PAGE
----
Petaluma students fight bullying at school workshop
Published: Friday, October 5, 2012 at 9:03 a.m.
Last Modified: Friday, October 5, 2012 at 9:03 a.m.
Seeing a schoolmate sad because someone else was bullying him, Old Adobe Elementary School second-grader Delaney became an ally.
“Are you OK?” she asked him. “Are you sure? Do you need a friend?”
Delaney was play acting Thursday at the Petaluma school, and her friend wasn't really the victim of a bully. The role-playing was practice for real-world problems schoolchildren face.
Old Adobe parents invited Soul Shoppe, an Oakland bullying prevention organization, to work with every student at the school, from kindergartners through sixth-graders, on how to spot bullying and how to stop it before someone is seriously hurt.
“Please stop. We don't want this at our school,” about 100 kids said in unison, following the example of Soul Shoppe leader Joseph Savage, who has run the program for 13 years with co-founder Vicki Abadesco, both former teachers.
Interacting with the fidgety youngsters, Savage invited small groups of children to practice the program's key points: Step in, stand up, be an ally.
First, he asked them to define bullying.
Teasing, especially repetitive mocking, done purposely to be hurtful, they agreed.
Often, he said, bullies are people who have “full balloons” in their hearts, where they've hid their bad memories or unhappy feelings. People who show bullying behavior tend to take that out — or “empty their balloon” — on other people.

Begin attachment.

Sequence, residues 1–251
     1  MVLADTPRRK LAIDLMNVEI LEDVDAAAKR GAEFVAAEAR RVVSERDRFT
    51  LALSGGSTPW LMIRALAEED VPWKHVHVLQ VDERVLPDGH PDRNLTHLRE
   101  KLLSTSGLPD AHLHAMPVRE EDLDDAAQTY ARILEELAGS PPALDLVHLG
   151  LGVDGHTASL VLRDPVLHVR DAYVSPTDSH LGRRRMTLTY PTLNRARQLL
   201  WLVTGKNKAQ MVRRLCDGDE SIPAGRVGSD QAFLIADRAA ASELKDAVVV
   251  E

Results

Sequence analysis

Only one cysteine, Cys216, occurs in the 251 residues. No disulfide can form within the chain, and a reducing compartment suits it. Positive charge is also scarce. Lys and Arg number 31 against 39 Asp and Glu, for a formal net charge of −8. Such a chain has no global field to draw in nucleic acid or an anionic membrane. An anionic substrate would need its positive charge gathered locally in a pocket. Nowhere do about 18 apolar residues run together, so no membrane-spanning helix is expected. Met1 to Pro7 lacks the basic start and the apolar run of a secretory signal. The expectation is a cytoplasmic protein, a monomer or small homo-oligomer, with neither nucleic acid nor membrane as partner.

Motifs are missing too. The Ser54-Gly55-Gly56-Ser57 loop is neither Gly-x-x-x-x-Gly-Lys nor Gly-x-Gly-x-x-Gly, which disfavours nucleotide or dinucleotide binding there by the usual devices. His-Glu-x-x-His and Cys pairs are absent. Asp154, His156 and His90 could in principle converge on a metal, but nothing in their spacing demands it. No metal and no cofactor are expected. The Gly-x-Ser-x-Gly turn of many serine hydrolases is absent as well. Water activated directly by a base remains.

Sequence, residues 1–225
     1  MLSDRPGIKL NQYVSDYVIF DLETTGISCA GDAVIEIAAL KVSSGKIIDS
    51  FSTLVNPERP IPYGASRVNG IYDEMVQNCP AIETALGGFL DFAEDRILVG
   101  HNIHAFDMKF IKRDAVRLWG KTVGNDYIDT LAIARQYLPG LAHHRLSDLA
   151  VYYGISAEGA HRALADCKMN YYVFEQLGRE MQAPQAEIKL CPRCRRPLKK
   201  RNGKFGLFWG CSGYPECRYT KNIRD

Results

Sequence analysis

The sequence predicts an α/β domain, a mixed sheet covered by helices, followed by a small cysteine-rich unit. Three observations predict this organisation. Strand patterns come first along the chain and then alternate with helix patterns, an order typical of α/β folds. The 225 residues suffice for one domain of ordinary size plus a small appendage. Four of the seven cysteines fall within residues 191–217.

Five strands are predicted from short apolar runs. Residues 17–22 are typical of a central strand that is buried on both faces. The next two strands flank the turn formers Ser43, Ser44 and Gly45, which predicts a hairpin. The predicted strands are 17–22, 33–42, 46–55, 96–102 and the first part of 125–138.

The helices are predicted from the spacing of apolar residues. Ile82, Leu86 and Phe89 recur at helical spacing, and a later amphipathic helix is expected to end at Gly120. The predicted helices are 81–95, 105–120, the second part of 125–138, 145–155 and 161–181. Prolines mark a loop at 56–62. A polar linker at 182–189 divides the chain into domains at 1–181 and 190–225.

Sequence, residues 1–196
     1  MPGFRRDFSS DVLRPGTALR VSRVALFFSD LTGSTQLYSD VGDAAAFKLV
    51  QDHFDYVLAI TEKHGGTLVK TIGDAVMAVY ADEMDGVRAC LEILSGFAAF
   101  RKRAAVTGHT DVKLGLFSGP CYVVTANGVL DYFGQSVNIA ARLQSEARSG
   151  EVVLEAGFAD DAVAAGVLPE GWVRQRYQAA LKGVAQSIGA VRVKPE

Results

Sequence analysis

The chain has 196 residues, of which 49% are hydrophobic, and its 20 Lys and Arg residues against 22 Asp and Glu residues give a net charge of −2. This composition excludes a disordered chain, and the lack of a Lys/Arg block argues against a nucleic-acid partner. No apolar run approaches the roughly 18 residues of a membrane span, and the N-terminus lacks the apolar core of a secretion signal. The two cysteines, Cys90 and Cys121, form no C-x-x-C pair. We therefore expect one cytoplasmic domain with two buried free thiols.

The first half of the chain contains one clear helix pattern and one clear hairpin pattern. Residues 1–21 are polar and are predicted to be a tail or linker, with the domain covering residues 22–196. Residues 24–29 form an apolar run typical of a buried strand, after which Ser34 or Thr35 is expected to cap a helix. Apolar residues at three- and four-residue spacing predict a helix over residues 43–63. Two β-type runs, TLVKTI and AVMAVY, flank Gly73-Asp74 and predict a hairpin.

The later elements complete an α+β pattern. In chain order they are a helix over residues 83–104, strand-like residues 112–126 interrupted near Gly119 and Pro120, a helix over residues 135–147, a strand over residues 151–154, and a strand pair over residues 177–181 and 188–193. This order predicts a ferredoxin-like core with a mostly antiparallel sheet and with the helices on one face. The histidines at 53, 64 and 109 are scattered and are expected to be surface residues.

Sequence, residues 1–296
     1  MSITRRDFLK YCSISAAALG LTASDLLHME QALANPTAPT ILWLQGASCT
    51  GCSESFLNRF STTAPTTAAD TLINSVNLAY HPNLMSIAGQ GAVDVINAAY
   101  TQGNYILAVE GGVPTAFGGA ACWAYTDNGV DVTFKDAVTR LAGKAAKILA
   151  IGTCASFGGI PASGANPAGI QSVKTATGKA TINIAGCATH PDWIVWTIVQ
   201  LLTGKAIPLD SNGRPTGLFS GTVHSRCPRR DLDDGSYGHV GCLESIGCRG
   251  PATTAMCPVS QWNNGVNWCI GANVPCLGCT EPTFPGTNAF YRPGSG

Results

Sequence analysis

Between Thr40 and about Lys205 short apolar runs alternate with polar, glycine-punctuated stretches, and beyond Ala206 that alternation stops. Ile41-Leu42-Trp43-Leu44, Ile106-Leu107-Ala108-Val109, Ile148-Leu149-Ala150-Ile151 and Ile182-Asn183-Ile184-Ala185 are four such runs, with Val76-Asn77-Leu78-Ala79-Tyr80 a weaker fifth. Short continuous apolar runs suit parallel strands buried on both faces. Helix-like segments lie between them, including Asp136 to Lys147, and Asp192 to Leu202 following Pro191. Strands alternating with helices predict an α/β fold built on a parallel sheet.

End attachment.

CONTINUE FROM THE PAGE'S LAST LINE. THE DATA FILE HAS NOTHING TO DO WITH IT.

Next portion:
The antidote, Savage showed them, is to “become an ally.”
“Someone who helps and is a friend,” the children repeated to him.
“I'm going to show you how to do that,” he told them. “Sometimes it's kinda scary. We need some strong people, strong in their hearts.”
While bullying statistics are imprecise, some surveys have shown nearly 20 percent of kids feel they've been bullied at school.
The class, the third year in a row it's been offered at Old Adobe, teaches kids the right words to use to defuse a situation and make the bully and the bullied feel better.
“I see them use the language on the playground,” said second-grade teacher Juliet James. “They're doing it independently now. They're taking the initiative.”
District Superintendent Cindy Pilar praised the class for helping kids recognize bullying and give them the real-life strategies to prevent it.
Savage told teachers that as a society we are being trained by television to laugh when someone is being bullied.
“Yes, this happens,” he said. “But maybe it doesn't have to happen.”
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